I have finished the “Endless Eight” arc of Haruhi Suzumiya, and I have an opinion. In short, “Endless Eight” is a good story, well in keeping with the zany sci-fi spirit of Haruhi that we know and love.*
*DISCLAIMER: only applies when episodes 4, 5, 6, 7, 8, aniblogosphere drama, and director apologies are avoided. Use as directed.
The premise is a good one, for starters. Haven’t you ever wished that this vacation, this kiss, this walk along the beach, would last forever? Especially when the school year or the work week is about to start again? The “Endless Eight” story explores that wistful desire and what might happen if it literally came true, and true, and true again–with one only slowly waking up to that fact. Since it’s Haruhi, she always gets her way; as usual, everyone else is more or less along for the ride, and only Kyon can stop her. It’s a standard Haruhi plot with the standard existential angst and fear of boredom lurking underneath the surface. When compressed into 3 acts, as I chose to make it in my viewing, it works as such and is actually quite satisfying.
That makes it quite different from Groundhog Day, because in that wonderful film, the whole point rested on Bill Murray’s ability to remember everything that had happened in every previous time loop. His character only changed by going through every iteration and seeing and remembering the consequences each time. Now, it is true Kyon says something similar at the very end here, but I was able to skip all the episodes after the second one in the arc without feeling like anything was lost–which suggests that the previous episodes were unnecessary. Fans were thus treated to 5 episodes of filler, and for those following along week after week, the frustration is understandable and perfectly justified.
I decided to save myself the trouble and drama and simply wait until the arc’s end to see the conclusion–and I have no desire at this time to return to the episodes in between. In fact, I have a challenge: can anyone tell me if there were any crucial hints in the final episode that only the in-between ones showed? Spoilers are welcome; it’s over, after all!
But enough about the meta issues this arc has intentionally spawned. Taken on its own, and as the conclusion of a 3 act story, the last episode’s pacing was actually masterful. The deja vu effect was in full swing, which made the episode very distinct from the first two. Much of the animation was significantly different–not just the clothing but also the shots and framing. The building tension as Kyon realizes what’s going on finally comes to a climax, where he has his now-or-never moment that is appropriately drawn out and dramatic. And, folks: I actually like that it’s about homework, not about him confessing his love to Haruhi or kissing her. For one, he’s done that already, in the first season; second, they made fun of that possibility with Koizumi’s proposition; third, much like Mulder and Scully on the X-Files, Kyon and Haruhi’s relationship works best when the romance is sublimated. Look at that body language as Haruhi confronts Kyon for acting without her authority. Y’all can read tsundere body language now, can’t you? This is what the show is all about.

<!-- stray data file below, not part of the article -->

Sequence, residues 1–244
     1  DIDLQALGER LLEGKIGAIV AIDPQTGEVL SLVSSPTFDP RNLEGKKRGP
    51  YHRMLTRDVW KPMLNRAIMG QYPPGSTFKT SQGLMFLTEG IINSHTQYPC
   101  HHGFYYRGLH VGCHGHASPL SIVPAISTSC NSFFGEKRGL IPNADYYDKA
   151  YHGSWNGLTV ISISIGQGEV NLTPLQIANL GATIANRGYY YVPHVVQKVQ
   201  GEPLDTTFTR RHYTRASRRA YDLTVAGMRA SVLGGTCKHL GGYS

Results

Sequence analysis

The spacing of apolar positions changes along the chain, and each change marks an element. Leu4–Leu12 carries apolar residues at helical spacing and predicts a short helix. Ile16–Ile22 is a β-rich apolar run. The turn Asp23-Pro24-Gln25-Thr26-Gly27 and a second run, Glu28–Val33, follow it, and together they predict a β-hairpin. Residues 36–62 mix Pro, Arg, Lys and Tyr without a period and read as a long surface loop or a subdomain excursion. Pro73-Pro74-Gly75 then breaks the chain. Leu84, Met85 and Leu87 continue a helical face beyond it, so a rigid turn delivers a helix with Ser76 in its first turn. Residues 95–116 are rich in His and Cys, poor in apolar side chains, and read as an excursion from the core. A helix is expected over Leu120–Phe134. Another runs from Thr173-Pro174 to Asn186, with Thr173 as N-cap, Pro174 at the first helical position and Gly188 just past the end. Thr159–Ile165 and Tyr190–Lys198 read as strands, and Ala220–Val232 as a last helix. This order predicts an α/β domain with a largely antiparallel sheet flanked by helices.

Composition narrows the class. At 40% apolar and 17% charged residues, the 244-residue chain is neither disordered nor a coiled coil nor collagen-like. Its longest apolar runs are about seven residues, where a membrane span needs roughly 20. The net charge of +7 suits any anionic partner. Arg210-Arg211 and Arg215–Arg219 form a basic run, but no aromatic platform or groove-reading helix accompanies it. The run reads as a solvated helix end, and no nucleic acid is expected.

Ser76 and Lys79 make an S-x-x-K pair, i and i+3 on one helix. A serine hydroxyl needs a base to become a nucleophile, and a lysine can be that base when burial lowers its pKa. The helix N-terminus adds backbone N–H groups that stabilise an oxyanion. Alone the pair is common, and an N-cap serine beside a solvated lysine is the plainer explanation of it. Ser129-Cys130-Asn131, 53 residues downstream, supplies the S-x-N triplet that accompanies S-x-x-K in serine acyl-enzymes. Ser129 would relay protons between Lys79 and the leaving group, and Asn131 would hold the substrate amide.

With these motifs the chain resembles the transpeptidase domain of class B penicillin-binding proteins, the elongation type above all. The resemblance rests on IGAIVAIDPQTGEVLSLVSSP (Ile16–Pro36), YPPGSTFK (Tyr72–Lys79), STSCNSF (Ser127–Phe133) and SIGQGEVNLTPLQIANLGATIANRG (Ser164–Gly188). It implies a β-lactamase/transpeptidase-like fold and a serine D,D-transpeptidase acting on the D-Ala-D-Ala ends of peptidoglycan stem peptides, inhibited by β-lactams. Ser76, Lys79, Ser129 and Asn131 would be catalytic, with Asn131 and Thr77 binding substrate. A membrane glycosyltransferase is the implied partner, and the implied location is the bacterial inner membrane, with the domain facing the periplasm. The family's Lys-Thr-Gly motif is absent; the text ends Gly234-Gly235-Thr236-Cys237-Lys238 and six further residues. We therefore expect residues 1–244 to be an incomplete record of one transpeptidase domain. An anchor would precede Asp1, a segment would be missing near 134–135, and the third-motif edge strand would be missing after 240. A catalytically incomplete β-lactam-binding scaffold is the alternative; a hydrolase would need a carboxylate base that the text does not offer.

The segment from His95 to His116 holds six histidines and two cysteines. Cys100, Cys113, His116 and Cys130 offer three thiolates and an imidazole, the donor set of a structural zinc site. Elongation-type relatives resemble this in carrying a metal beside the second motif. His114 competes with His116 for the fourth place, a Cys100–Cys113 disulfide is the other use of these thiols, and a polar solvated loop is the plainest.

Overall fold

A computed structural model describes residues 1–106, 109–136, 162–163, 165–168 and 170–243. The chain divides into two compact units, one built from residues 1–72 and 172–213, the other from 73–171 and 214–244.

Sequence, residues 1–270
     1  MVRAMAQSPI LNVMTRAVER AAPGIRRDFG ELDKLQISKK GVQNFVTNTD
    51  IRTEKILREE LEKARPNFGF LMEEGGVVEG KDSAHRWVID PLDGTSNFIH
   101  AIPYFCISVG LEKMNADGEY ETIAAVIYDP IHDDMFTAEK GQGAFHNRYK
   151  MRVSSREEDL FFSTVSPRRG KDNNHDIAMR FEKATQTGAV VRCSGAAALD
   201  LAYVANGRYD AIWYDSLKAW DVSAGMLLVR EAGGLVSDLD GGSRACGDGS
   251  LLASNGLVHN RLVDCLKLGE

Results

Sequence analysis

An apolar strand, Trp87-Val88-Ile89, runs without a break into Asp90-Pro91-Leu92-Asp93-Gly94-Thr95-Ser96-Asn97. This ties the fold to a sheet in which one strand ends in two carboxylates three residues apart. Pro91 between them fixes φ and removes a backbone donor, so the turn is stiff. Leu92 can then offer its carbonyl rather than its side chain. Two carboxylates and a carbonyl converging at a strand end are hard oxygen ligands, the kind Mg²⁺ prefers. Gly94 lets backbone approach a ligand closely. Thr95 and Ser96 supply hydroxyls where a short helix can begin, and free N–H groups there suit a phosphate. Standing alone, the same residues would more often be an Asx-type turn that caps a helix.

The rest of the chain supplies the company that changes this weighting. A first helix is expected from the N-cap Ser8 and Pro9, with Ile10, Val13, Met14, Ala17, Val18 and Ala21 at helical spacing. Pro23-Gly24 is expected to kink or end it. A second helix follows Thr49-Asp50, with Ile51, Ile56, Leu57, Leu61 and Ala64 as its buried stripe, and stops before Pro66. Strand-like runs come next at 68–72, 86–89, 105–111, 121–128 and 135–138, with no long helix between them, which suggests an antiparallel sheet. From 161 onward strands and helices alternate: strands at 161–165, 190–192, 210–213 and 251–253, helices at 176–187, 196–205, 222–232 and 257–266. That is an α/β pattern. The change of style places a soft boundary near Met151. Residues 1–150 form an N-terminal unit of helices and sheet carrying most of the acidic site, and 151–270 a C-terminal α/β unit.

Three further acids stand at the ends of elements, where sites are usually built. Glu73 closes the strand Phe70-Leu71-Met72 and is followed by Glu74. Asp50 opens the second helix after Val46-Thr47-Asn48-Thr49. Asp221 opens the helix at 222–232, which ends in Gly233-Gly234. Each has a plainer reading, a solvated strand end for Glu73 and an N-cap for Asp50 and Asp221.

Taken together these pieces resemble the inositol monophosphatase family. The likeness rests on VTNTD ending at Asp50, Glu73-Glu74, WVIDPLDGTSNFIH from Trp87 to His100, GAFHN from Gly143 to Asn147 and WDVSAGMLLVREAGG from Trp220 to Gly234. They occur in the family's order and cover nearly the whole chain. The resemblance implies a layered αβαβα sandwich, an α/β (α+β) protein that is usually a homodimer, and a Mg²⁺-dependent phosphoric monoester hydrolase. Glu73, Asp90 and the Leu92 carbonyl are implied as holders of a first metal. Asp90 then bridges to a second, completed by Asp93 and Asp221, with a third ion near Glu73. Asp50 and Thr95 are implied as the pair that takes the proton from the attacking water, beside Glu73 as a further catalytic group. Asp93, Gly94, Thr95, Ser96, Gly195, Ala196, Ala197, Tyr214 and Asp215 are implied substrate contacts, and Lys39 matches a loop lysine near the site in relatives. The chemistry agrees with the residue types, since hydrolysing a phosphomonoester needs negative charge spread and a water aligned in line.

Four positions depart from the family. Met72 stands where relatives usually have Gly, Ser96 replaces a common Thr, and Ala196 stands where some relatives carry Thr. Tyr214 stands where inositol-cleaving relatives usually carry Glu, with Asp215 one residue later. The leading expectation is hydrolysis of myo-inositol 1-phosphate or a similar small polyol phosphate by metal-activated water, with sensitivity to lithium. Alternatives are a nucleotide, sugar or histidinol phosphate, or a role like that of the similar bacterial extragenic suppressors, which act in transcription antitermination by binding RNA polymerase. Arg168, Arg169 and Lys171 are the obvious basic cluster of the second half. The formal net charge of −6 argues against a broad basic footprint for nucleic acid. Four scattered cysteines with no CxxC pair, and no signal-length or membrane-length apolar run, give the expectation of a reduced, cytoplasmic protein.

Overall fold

Unfortunately, I seriously doubt anyone is going to remember the minor gem of a story this actually was. It is entirely their fault, too: “Endless Eight” is going to go down as one of the largest PR fiascos in anime history. The names “Haruhi Suzumiya” and Kyoto Animation, once held in the highest esteem, are now tarnished for a great many fans, even if subsequent episodes are of good quality. After all, nearly half a season was wasted on filler. Whether it was a “test of faith” for the Haruhi devotees, or simply another attempt to try a gimmick a la season 1, it has clearly backfired. In no way could this be seen as an artsy dodge the way The Prisoner‘s ending or Twin Peaks came off, or even the last two episodes of Evangelion. This was the same damn thing over and over again, like a sitcom from hell.
And yet…it sometimes seemed as if viewers forgot they had a choice. There is no law that demanded watching each episode week after week. From the beginning, I felt that this arc needed no more than three episodes: one to set it up, one to reveal the time loop problem, and one to resolve it. When it became clear that it was going to take more than three episodes, I decided to wait it out until the conclusion, and I’m glad I did. No, this is perhaps not what “the artists intended,” but one of the great things about (post) modern fandom is that we’ve discovered that we can create our own pleasures too. Whether it’s the Phantom Edit version of Star Wars Episode I, or AMVs, or fanfics, or fandubs, fans have shown that the creators need not have the last say. There is a good story hiding in 3/8ths of “Endless Eight.” You, too, can find it if you so desire.
Just so long, of course, as you call it “Endless Eight: The Gendo Edit.” ‘Cause I did it first.